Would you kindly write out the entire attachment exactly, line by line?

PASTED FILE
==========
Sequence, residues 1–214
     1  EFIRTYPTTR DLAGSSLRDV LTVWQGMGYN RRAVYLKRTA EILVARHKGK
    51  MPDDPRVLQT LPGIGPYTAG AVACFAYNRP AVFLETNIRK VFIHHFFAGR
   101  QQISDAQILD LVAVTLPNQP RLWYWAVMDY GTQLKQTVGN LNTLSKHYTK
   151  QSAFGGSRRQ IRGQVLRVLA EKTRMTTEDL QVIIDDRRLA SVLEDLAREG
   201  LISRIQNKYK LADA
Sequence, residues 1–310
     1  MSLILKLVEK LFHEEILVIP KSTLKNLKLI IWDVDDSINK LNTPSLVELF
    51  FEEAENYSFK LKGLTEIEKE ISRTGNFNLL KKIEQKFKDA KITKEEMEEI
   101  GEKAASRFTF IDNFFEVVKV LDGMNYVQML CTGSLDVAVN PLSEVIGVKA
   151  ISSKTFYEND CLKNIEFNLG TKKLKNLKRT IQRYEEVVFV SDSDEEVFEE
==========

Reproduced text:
Sequence, residues 1–214
     1  EFIRTYPTTR DLAGSSLRDV LTVWQGMGYN RRAVYLKRTA EILVARHKGK
    51  MPDDPRVLQT LPGIGPYTAG AVACFAYNRP AVFLETNIRK VFIHHFFAGR
   101  QQISDAQILD LVAVTLPNQP RLWYWAVMDY GTQLKQTVGN LNTLSKHYTK
   151  QSAFGGSRRQ IRGQVLRVLA EKTRMTTEDL QVIIDDRRLA SVLEDLAREG
   201  LISRIQNKYK LADA
Sequence, residues 1–310
     1  MSLILKLVEK LFHEEILVIP KSTLKNLKLI IWDVDDSINK LNTPSLVELF
    51  FEEAENYSFK LKGLTEIEKE ISRTGNFNLL KKIEQKFKDA KITKEEMEEI
   101  GEKAASRFTF IDNFFEVVKV LDGMNYVQML CTGSLDVAVN PLSEVIGVKA
   151  ISSKTFYEND CLKNIEFNLG TKKLKNLKRT IQRYEEVVFV SDSDEEVFEE